ACOSTA: As for an explanation of the president's comments, the White House produced a list of 78 terrorist attacks that have occurred since 2014. The White House claims most of these attacks did not receive enough coverage, but on the list are some of the worst acts of terrorism in the last two years, including attacks in Paris, Nice, France, San Bernardino, California, and the Orlando nightclub shooting. The White House did not explain what the president meant when he said the press has its reasons for why it doesn't report on terror attacks -- John and Christine.
ROMANS: All right, Jim Acosta. Thanks, Jim. Senate Democrats launching an all-night blitz against Education Secretary nominee Betsy DeVos. A confirmation vote for DeVos is scheduled for noon Eastern Time. At least one Democratic senator believes a third Republican senator may cross party lines and vote against DeVos, effectively killing her nomination. But this is -- this is just a remarkable show of force on the floor right now.
CNN's Sunlen Serfaty joining us live from Capitol Hill this morning where it has been a very long night. And, you know, they want to peel off one more Republican. The phone lines have been just burning up from people around the country who are protesting this nomination. They want their senators not to vote for her. Mostly teachers' unions and teachers who are against her. What's happening right now?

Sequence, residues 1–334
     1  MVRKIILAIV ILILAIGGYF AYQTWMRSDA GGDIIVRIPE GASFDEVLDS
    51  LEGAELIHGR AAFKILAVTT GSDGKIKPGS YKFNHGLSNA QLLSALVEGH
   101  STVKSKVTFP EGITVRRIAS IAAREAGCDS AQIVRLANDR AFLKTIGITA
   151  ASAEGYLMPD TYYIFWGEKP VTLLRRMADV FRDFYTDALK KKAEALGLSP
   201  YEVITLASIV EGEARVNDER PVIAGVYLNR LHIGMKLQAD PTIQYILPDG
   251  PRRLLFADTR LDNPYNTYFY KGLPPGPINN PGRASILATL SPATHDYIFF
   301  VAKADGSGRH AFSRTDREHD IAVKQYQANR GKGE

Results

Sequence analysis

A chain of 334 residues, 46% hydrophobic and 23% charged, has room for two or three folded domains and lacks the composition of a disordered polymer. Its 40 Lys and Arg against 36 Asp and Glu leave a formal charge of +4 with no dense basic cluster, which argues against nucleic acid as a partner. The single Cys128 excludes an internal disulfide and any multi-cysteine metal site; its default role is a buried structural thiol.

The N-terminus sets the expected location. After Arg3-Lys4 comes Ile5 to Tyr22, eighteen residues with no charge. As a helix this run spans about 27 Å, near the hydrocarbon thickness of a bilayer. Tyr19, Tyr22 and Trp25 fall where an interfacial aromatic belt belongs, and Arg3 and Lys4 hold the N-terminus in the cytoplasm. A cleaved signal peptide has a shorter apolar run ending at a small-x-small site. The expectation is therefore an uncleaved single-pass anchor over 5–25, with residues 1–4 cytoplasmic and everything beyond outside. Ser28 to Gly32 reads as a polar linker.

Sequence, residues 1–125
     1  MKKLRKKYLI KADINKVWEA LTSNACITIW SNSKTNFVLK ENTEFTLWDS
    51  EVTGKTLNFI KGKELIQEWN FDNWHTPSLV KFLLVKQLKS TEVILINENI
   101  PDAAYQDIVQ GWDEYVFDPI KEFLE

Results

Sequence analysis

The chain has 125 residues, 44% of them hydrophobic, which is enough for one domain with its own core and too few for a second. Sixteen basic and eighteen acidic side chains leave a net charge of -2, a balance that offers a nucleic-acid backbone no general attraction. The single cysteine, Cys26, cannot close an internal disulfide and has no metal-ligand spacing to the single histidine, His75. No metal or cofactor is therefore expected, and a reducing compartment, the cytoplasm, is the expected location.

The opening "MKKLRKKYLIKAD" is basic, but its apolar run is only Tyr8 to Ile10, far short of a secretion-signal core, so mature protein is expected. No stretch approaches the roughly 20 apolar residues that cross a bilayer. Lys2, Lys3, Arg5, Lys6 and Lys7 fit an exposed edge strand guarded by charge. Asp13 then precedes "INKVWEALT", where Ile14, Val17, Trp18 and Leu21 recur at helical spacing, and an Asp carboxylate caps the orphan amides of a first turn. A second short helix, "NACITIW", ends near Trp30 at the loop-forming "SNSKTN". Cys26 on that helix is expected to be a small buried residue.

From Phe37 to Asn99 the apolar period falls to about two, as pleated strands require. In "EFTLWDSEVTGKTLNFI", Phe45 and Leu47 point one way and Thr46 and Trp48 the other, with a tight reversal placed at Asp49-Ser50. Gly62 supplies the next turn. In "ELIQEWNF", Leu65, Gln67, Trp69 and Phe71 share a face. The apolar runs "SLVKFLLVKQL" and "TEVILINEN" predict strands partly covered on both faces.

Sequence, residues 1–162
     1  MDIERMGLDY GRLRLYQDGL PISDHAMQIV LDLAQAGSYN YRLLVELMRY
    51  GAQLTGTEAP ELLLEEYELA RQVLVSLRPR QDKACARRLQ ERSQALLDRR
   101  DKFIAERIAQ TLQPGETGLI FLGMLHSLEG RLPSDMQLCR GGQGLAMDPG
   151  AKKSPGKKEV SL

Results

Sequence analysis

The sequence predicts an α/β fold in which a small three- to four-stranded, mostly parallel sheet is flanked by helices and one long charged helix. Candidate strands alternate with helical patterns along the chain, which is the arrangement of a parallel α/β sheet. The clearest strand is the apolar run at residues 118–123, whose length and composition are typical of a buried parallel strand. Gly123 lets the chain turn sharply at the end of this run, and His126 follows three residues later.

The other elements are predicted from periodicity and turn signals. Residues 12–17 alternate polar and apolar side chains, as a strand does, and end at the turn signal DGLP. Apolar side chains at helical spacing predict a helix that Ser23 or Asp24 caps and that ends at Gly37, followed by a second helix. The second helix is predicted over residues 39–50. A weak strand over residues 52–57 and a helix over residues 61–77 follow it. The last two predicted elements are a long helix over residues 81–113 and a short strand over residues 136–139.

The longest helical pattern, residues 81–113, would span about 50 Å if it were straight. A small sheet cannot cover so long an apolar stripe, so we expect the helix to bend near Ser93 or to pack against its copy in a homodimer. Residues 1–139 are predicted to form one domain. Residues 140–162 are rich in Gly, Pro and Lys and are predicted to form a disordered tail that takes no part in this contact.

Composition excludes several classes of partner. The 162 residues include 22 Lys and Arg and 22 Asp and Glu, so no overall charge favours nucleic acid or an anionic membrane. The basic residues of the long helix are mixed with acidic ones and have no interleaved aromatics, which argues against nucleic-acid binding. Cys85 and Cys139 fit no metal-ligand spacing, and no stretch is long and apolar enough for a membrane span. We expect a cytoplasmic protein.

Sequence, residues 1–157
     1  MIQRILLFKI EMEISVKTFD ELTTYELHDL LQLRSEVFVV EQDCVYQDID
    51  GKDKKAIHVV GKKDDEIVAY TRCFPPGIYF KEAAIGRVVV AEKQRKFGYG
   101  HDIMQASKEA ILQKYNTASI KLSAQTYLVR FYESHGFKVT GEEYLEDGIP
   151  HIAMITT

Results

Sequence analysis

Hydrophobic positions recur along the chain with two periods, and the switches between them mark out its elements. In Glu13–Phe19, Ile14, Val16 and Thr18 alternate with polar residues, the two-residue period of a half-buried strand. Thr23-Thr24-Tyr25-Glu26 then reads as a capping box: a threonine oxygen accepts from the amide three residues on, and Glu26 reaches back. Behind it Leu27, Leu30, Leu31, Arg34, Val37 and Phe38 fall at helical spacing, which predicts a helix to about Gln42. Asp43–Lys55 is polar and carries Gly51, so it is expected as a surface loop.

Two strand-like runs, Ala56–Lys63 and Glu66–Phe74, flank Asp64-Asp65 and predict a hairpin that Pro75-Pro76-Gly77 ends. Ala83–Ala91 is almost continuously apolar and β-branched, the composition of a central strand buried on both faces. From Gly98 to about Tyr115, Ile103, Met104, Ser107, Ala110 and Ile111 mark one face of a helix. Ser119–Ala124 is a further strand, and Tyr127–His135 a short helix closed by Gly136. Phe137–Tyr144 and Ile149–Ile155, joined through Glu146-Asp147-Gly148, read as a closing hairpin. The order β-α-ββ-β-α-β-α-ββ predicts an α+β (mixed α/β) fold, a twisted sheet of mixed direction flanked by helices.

SUNLEN SERFATY, CNN NATIONAL CORRESPONDENT: That's right, Christine, and the reality of the situation that Democrats are now facing is that although they want and are trying to get that additional Republican to flip their vote to a no and break ranks with other Republicans, the reality is that they have not found that vote yet and that's what led to this marathon overnight session. They're now in hour 18 of this 24-hour protest, you know, blasting Betsy DeVos, speaking out, trying to ratchet up pressure to find and squeeze one Republican vote wherever they can.
(BEGIN VIDEO CLIP)
SEN. CORY BOOKER (D), NEW JERSEY: I feel a personal responsibility to ensure that if I cast my vote as a senator that whoever takes that office will be tireless in the defense of all the rights and privileges and liberties of our students. SEN. BRIAN SCHATZ (D), HAWAII: So, you have people left, right, and center. I mean, you can ask the Senate Republicans whether they're getting phone calls, too. They're getting phone calls, too. This is not a Democratic strategy. What's happening is we have the wrong person who may be confirmed as the Secretary of Education.
(END VIDEO CLIP)
SERFATY: Now, despite this Democratic protest, Republican officials up here on Capitol Hill say that they are very confident that Betsy DeVos will be confirmed later today. They're expected to vote around 12:00 noon today. They do not expect any additional Republican to break ranks here. That would usher in Vice President Mike Pence up here to Capitol Hill to cast a tie-breaking vote and this is historical because no other sitting vice president has ever cast the deciding ballot for a cabinet nominee.